One aspect of the CBD industry that’s booming right now are CBD edibles. CBD edibles are types of foods that have been infused with CBD. They’re becoming an increasingly popular option for many who may be interested in CBD but don’t wish to consume in smoking or vaping. To better understand the mechanics of CBD in foods, I interviewed three professionals specializing in nutrition: Katie Stem, Claudia le Feuvre and Dr. Elisabeth Philipps.
Stem is a professional herbalist as well as the Founder and CEO of Peak Extracts, an Oregon based cannabis company that produces some truly sensational edibles. Le Feuvre is a Nutritional Therapist and Eating Psychology Coach with 14 years of experience in clinical practice. She’s also the Co-Founder of Mighty Green, an online, UK based CBD marketplace, and lectures at the UK College of Nutrition & Health in her spare time. Dr. Philipps is a clinical neuroscientist who runs a health consultancy specialising in nutritional neurology, gut-brain axis disorders, the endocannabinoid system and CBD. She’s also the Clinical & Scientific Advisor for fourfivecbd.
Before we dive into all of the new types of CBD edibles on the market, let’s briefly consider what benefits could come from adding CBD to foods.
There are plenty of compelling reasons why adding CBD to food could be a good thing. One of those is increased access to CBD.
“From a medicinal standpoint, that helps with compliance. People will be more likely to take medicine consistently if it is something they want to eat and would consume usually,” says Stem.
A larger number of available CBD edibles also means that, “…it’s more likely that those with dietary restrictions will be able to find a product that works for them,” adds Stem.
“The right extract of CBD in the right food product may well have benefits,” begins Dr. Philipps.
“There are lots of studies that have looked at CBD naturally balancing the body’s endocannabinoid system, which in turn controls inflammation, sleep cycles, and helps in conditions like anxiety,” she continues. “Studies also suggest CBD and hormone control helping conditions like PMS and endometriosis; as well as epilepsy, PTSD and multiple sclerosis.”
In other words, CBD acts on our endocannabinoid systems (known as the ECS) to help our bodies maintain a state of balance, or homeostasis. CBD’s therapeutic effects stem from this need for balance, which is why CBD can affect everyone differently depending on your own unique needs.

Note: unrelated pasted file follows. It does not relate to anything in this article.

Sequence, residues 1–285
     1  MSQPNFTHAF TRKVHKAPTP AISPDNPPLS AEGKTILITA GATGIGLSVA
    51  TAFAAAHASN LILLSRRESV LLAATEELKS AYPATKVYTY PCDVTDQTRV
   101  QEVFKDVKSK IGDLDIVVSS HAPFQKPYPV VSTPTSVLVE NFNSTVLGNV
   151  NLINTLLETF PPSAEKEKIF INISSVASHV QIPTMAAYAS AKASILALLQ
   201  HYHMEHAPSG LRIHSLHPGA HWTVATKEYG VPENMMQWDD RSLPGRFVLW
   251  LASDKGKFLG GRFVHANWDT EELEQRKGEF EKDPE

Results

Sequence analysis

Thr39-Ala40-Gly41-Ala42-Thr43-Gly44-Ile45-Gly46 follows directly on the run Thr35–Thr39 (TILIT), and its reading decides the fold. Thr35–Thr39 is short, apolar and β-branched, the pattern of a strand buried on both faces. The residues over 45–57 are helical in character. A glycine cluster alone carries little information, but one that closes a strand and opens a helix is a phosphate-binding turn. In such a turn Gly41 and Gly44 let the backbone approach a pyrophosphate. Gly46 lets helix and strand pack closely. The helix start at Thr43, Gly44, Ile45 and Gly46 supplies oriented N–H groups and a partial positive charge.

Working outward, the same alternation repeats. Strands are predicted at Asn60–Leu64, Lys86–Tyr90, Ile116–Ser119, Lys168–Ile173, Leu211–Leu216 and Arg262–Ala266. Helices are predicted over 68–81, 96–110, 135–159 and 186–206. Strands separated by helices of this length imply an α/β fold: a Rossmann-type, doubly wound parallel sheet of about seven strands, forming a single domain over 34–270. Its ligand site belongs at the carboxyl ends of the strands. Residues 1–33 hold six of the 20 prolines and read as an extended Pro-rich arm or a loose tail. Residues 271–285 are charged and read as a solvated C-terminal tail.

So just what kind of CBD goodies are available on shelves nowadays? Nearly every kind of product you can think of.
One of the most popular types of CBD foods are CBD gummies. Gummies can come in all shapes, sizes and forms imaginable across a variety of dosages. Many consumers enjoy gummies because they’re accessible, discreet and portable.
In this vein CBD edibles in the “candy” category have become extremely commonplace, if not the established norm. You can now find CBD candy such as Sunday Scaries’ “Unicorn Jerky”; enjoy snacking on CBD fruit chews, pop a CBD mint in your mouth or even delight in some super discreet CBD gum.
Many “candy” based edibles, however, are laden with sugars and preservatives which poses an issue for consumers seeking the therapeutic properties of CBD.
“I would always suggest eating as many whole foods as possible and avoiding overly processed foods and drinks, especially those containing additives, artificial sweeteners, and chemically processed fats and sugar,” suggests Dr. Philipps.
These edibles can come in full spectrum, broad spectrum and as isolate products. Products that use CBD isolate are by far the most common, however.
“Chocolates are another good way of consuming CBD,” begins Stem. That’s due to the fact that chocolate is rich in fat, which makes chocolate an ideal vessel for CBD.
“CBD oil loves fat,” adds Le Feuvre, “so combining for example with chocolate, salad dressings or even the natural oils from coffee beans is a good pairing for CBD.”
Chocolate bars, like gummies, are available as full/broad spectrum as well as isolate based products.
Unlike many manufacturers who commonly opt for cheap isolates, Peak Extracts’ chocolate bars rely on CO2 extraction and a proprietary process that preserves terpenes. They source flower from local farms such as East Fork Cultivars who are well-known for their organic CBD, and ensure every chocolate bar is thoroughly lab tested.
The end result is nothing short of magical: an antioxidant rich, dark chocolate bar loaded with CBD and terpenes.
Other manufacturers such as Gron are opting for a different approach entirely. Gron relies on lichen derived CBD for their chocolate bars rather than hemp-derived CBD. While the therapeutic benefits of this type of CBD have yet to be researched, this process creates a bar that’s blissfully free of the tell-tale hemp flavor.